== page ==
Crew Logistics: Crew travel too can get tricky, I see the biggest cost over-run here because we are always booking airlines at the last minute not because we haven’t allocated the crew but bleed due to the fact that the client’s advances or confirmations came in very late. We sometimes don’t even book tickets till we have received the funds because cancellations are common & this is perilous when you have to book over 8 tickets for a set of crew travelling flights that are over 2 hours. But I find air far much better than train even for the crew if you have booked early enough. This gives them better opportunity to do more work and be more productive on site, reduces fatigue and in commercial terms, the per diem for extra days.

Accommodation is always the simplest thing but we always make bad decisions just to save a few bucks. Our first call to action is to stay closest to the venue. A lower priced, decent accommodation closer to the venue is better than a better place further away. And if the hotel is walking distance then that’s the best place to be in. According to me for the crew, the choice of the place has to be clean bed & bath & if they serve up a good breakfast, the crew is in sorted for start of the day.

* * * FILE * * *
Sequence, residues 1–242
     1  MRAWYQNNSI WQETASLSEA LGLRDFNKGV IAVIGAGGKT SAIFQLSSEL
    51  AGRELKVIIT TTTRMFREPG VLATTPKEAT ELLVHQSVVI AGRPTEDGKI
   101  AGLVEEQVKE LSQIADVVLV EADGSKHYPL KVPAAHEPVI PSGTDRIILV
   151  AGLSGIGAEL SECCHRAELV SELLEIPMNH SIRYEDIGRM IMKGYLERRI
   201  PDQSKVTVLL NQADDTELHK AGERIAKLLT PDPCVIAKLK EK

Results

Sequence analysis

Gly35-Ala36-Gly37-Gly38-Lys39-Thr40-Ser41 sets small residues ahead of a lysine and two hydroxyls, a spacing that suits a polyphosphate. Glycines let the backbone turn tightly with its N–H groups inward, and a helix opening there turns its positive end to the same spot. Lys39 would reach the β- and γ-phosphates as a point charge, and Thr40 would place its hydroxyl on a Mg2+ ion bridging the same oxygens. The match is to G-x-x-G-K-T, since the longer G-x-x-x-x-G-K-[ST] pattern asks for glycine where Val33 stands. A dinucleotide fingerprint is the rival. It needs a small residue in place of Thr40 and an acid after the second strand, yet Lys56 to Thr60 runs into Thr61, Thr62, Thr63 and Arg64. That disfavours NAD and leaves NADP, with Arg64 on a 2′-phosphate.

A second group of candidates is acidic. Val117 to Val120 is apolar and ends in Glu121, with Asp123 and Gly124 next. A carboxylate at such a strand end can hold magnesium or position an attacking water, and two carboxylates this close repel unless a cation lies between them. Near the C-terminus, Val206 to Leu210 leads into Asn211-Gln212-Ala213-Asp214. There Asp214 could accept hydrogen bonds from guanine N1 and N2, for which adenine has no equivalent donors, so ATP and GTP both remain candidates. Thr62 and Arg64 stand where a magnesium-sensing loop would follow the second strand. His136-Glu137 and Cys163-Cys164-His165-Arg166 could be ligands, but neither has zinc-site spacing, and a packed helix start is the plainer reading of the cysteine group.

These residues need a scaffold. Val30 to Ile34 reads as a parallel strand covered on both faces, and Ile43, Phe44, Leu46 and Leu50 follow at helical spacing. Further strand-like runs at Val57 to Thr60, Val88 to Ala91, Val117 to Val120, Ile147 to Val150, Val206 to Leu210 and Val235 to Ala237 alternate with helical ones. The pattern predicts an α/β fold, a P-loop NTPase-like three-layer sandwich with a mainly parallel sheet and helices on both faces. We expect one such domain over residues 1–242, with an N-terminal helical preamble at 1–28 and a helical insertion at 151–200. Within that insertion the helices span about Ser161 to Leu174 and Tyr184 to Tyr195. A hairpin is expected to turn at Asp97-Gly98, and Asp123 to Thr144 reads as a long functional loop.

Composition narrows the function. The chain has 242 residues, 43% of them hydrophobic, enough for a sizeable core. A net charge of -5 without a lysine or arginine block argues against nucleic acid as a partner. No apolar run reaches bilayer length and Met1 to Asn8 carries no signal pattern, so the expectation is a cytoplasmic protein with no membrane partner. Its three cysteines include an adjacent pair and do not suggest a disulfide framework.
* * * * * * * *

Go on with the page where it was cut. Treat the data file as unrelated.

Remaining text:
Now thanks to aggregators like Ola & Uber, even local transport is a breeze & also a huge cost saving as against having to hire a vehicle for the entire day or probably two on bigger gigs. No brainer here.

Overall, any of our major projects the logistics comes up to nearly 35% of our total billing & you will understand why this concerns me the most. The moral of the story is not compromising on health & safety is subconsciously the motive of this foreword. Cost saving is the secondary aspect here, but important too!